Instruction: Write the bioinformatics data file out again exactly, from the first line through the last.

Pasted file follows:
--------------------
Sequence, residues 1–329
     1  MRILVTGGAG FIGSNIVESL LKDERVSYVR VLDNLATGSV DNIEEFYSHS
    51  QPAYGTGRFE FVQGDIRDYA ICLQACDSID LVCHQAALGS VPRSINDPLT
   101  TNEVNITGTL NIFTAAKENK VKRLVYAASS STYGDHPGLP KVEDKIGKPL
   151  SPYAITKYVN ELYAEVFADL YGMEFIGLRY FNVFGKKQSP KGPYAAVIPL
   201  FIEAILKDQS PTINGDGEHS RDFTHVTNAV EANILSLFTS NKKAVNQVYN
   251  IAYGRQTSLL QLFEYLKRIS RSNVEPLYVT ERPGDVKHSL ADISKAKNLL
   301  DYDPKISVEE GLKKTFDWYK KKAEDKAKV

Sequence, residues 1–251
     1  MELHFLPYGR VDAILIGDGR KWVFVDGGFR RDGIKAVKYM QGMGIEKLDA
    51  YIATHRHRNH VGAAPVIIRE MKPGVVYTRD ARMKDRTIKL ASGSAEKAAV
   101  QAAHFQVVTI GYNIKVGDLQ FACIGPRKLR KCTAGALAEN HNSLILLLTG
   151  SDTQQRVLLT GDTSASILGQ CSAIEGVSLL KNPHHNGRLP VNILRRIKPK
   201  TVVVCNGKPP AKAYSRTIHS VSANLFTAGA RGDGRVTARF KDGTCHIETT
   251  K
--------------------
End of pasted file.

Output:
Sequence, residues 1–329
     1  MRILVTGGAG FIGSNIVESL LKDERVSYVR VLDNLATGSV DNIEEFYSHS
    51  QPAYGTGRFE FVQGDIRDYA ICLQACDSID LVCHQAALGS VPRSINDPLT
   101  TNEVNITGTL NIFTAAKENK VKRLVYAASS STYGDHPGLP KVEDKIGKPL
   151  SPYAITKYVN ELYAEVFADL YGMEFIGLRY FNVFGKKQSP KGPYAAVIPL
   201  FIEAILKDQS PTINGDGEHS RDFTHVTNAV EANILSLFTS NKKAVNQVYN
   251  IAYGRQTSLL QLFEYLKRIS RSNVEPLYVT ERPGDVKHSL ADISKAKNLL
   301  DYDPKISVEE GLKKTFDWYK KKAEDKAKV

Sequence, residues 1–251
     1  MELHFLPYGR VDAILIGDGR KWVFVDGGFR RDGIKAVKYM QGMGIEKLDA
    51  YIATHRHRNH VGAAPVIIRE MKPGVVYTRD ARMKDRTIKL ASGSAEKAAV
   101  QAAHFQVVTI GYNIKVGDLQ FACIGPRKLR KCTAGALAEN HNSLILLLTG
   151  SDTQQRVLLT GDTSASILGQ CSAIEGVSLL KNPHHNGRLP VNILRRIKPK
   201  TVVVCNGKPP AKAYSRTIHS VSANLFTAGA RGDGRVTARF KDGTCHIETT
   251  K